Making your own hummingbird nectar can seem like a chore if you have to mix up a new batch frequently to constantly refill feeders. It may seem easier to simply pour out ready-made nectar, shake up a bottle of nectar mix, or quickly dilute a commercial hummingbird nectar concentrate. There are many great reasons to make your own nectar, however, and because this critical hummingbird food is easy to make, there's never an excuse not to make it from scratch. Homemade nectar is better for the birds, and once you learn how to make it, you'll never rely on commercial mixes again.
01 of 08
Avoiding Excess Chemicals
The desire to offer hummingbirds pure, healthy nectar is one of the top reasons why many birders prefer to mix their own sugar solution. Commercial nectars often have unnecessary flavorings, red dyes, and preservatives. While there have not been extensive studies to determine whether these chemicals are positively harmful, they are not needed to nourish the birds or attract them to feeders. A simple homemade nectar solution will not introduce any unknown or potentially harmful substances into hummingbirds' diets.
02 of 08
Easy to Make
Hummingbird nectar is simple to make with only two ingredients: sugar and water. Plain white table sugar and tap water are perfectly acceptable, and when mixed in a 4:1 water to sugar ratio, very closely approximate the natural sucrose level of flower nectar that hummingbirds sip. There is typically no need to boil the nectar while making it, as hummingbirds contaminate the nectar as soon as they sip it anyway. Just cool the nectar and fill the feeders.
03 of 08
Adjusting the Concentration
While the basic hummingbird nectar recipe is ideal for most hummingbirds and closest to natural nectar, adjusting the sugar concentration for a stronger, sweeter drink is very easy. A slightly stronger nectar solution can provide greater energy during migration when birds need to build up their reserves, or it can be useful for overwintering hummingbirds that require more energy to stay warm in poor weather. In cold weather, a stronger nectar solution will not freeze as quickly, ensuring there is plenty of food available for chilly hummingbirds.
04 of 08
Feeding wild birds can get expensive when you are purchasing different types of seed, jelly, suet, nuts, and other foods for a wide range of species. A gallon of hummingbird nectar can be made at home for just a few pennies, while the same amount of commercial nectar, either as a concentrate, powder, or ready-to-use liquid, can cost several dollars. That savings can help you buy another hummingbird feeder, refill your other feeders more often, invest in a new birdbath, or do many other things that can make your yard bird-friendly as well as budget-friendly.Continue to 5 of 8 below.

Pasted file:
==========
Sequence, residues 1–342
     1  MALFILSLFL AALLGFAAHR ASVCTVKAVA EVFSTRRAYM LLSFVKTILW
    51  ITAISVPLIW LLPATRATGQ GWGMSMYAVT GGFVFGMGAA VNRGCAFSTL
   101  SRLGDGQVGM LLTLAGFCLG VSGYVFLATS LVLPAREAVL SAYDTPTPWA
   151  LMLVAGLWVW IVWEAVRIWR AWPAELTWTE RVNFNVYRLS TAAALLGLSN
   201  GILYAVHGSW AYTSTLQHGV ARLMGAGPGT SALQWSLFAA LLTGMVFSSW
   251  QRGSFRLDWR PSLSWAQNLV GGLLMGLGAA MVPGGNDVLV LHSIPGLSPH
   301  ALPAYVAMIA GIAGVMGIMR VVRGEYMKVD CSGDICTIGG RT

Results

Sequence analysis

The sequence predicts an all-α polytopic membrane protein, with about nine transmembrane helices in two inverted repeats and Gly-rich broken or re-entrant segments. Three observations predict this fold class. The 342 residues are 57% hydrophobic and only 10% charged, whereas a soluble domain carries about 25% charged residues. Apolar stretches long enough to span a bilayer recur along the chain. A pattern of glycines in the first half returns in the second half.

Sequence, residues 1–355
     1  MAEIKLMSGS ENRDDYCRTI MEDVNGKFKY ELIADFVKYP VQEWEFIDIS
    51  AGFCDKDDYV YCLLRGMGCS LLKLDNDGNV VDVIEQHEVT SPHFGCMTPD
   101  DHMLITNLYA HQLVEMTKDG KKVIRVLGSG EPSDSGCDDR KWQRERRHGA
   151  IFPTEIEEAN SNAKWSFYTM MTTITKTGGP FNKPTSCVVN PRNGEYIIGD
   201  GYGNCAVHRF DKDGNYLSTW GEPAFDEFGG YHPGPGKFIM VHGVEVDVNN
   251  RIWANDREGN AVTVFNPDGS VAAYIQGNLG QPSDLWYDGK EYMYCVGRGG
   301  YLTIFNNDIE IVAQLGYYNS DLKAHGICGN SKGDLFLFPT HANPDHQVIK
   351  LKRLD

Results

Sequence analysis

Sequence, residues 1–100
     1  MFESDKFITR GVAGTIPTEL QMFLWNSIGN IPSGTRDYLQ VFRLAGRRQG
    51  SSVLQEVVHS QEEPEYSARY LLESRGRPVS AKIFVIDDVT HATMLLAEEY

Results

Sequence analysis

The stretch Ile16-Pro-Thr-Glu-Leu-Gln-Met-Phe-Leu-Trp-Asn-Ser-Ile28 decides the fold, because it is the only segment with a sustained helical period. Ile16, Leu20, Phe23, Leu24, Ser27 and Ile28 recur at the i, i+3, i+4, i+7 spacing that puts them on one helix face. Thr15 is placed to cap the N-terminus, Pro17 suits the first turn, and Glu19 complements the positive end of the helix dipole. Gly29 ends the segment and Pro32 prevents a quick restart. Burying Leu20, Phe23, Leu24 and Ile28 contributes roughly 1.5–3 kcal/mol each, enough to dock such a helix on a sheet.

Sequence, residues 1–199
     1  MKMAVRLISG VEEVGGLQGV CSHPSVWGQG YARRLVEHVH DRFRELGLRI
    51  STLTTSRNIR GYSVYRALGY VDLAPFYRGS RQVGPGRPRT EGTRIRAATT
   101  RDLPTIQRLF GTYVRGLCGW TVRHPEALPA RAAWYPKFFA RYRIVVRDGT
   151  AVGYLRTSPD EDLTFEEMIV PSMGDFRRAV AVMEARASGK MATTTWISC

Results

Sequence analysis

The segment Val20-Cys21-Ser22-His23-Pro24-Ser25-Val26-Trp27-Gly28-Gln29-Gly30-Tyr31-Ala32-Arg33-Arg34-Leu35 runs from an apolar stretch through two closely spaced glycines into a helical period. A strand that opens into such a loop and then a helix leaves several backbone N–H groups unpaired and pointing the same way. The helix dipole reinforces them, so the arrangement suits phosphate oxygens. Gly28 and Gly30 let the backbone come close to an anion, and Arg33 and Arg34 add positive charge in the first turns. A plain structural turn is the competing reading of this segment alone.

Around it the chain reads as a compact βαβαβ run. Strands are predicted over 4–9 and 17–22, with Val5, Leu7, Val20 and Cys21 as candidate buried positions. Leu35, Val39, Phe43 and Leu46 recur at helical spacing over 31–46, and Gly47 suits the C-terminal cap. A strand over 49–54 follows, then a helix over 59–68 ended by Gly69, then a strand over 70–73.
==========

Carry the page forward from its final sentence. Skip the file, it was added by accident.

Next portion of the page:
05 of 08
If you don't have room in your refrigerator to store excess hummingbird nectar to keep it fresh, purchasing commercial nectar can be a waste since you may not use it all before it needs to be replaced. If you make your own nectar, however, you are able to make only the exact quantity you need to fill your feeders, whether you have one small feeder or a dozen large ones. You can still make extra nectar to store if desired, but it can be just as easy to make only what you need each time you refill your feeders.
06 of 08
Cleaning Your Feeders
If you take the time to make your own hummingbird nectar, you can use the opportunity while the sugar is dissolving or the nectar is cooling to clean your hummingbird feeders. This will help you keep the feeders safe for feeding hummingbirds, without immediately contaminating the nectar with leftover residue from spoiled solution. Regular cleaning also ensures the nectar flows freely to all the feeding ports, making it easier for the birds to feed safely.
07 of 08
Help Migrating Hummingbirds
Depending on where commercial hummingbird nectar is available in your area, you may not be able to purchase it early enough in the spring or late enough in the fall to feed migrating hummingbirds. These are exactly the times when hummingbirds need extra food the most. Instead, if you make the nectar yourself, you can always have it on hand for early spring migrants or late fall stragglers, without taking the chance of running out or being forced to use old nectar that is leftover after a long summer.
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Attracting Hungry Hummers
The very best reason of all to make your own hummingbird nectar is to attract these flying jewels to your yard. Birds are attracted to reliable, nutritious food sources, and if you keep your feeders filled you will be able to provide them a constant source of sweet nectar, no matter what flowers may or may not be blooming nearby. If you feed them, they will come!